People with a learning disability in Northern Ireland receive a poorer standard of health care doctors and nurses believe.
The Mencap survey found almost half of doctors and a third of nurses from a poll of 1,084 think this is the case.
The report found that some patients were treated with neglect.
The charity is urging health trusts to sign a charter which sets out rights of people with learning disabilities and the responsibilities of hospitals
The aim of Mencap's "Getting it Right" campaign is to ensure that no one with a learning disability should die as a result of ignorance and discrimination.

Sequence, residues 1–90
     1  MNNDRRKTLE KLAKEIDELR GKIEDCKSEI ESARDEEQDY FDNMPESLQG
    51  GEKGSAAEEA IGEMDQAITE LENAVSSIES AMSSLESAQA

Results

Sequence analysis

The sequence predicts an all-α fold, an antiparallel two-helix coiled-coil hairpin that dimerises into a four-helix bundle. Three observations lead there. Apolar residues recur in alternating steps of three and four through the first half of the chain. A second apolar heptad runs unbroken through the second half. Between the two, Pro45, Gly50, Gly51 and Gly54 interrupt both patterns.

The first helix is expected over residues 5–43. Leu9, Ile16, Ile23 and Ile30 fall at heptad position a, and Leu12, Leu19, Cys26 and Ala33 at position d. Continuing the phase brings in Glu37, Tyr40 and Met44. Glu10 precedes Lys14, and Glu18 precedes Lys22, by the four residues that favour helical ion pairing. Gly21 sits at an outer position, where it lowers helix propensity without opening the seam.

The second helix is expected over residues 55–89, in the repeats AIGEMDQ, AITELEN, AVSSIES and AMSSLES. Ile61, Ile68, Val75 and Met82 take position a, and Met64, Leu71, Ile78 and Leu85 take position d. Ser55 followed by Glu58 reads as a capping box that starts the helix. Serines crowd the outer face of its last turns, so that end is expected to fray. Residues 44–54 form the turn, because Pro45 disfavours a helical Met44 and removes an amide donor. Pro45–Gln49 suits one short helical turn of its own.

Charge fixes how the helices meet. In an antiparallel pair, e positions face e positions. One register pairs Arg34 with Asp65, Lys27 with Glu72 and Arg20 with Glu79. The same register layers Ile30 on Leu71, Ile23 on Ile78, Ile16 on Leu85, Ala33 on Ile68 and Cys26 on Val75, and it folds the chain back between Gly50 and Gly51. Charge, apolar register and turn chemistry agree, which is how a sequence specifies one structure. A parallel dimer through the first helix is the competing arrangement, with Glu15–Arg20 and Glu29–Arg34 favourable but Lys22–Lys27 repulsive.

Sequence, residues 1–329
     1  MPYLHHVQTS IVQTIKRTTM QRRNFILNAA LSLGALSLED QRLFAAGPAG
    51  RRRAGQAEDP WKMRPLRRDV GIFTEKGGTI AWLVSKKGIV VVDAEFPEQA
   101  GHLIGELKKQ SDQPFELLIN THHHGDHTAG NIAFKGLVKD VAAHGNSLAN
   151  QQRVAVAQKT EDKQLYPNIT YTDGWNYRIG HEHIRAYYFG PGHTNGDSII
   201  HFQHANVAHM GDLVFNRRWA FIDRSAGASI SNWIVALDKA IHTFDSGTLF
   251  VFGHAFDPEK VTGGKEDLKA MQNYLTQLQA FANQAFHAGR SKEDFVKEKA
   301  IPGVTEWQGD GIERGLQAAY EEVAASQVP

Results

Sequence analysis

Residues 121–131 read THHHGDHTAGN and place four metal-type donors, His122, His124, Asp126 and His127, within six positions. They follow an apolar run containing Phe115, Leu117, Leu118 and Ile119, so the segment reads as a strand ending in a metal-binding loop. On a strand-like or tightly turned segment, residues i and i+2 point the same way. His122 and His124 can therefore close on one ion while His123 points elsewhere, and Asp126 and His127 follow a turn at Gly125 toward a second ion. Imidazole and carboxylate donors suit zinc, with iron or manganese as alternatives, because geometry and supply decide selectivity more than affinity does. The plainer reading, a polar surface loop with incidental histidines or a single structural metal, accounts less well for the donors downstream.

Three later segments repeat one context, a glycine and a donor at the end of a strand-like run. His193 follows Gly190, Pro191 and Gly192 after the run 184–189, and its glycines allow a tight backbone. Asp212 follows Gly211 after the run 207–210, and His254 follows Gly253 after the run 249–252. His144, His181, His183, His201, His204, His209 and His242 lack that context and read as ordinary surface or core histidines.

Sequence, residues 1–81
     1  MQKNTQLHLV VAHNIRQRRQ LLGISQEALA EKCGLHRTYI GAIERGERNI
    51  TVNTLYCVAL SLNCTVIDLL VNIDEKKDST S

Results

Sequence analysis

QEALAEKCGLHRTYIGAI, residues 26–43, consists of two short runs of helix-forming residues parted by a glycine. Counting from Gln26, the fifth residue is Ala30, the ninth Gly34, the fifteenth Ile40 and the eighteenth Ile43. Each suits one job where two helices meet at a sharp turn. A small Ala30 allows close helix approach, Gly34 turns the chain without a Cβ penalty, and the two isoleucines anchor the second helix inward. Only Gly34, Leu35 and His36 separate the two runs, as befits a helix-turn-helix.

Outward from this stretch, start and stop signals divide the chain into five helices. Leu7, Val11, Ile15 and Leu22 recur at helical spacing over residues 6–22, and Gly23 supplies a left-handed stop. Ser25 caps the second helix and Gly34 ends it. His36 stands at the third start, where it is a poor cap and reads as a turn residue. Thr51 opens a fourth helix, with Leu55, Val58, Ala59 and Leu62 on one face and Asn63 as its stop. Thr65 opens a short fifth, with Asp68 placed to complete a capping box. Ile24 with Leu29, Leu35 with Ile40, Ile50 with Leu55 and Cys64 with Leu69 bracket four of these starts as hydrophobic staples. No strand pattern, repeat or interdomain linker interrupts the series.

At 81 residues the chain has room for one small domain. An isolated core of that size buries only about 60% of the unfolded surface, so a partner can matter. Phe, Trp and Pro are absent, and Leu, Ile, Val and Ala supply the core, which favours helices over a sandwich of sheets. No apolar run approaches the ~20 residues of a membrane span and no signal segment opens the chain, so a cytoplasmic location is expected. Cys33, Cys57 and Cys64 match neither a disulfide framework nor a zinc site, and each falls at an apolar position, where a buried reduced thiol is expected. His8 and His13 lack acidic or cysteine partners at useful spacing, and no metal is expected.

In 2007 the charity revealed that six patients had died unnecessarily in hospital.
Since then they have been developing a charter which they now want local health trusts to sign up to.
Mencap director, Maureen Piggott said there are nine specific actions that will make a difference.
"Training staff so they understand how to communicate with people with a learning disability, talking to the family and or other carers and even more fundamentally talking to the person themselves."
By law, all health care professionals must ensure people with a learning disability have access to equal health care.
But Mencap's survey found that almost half of health care professionals have not been trained in how to make reasonable adjustments for patients which, according to the charity, can often mean the difference between life and death.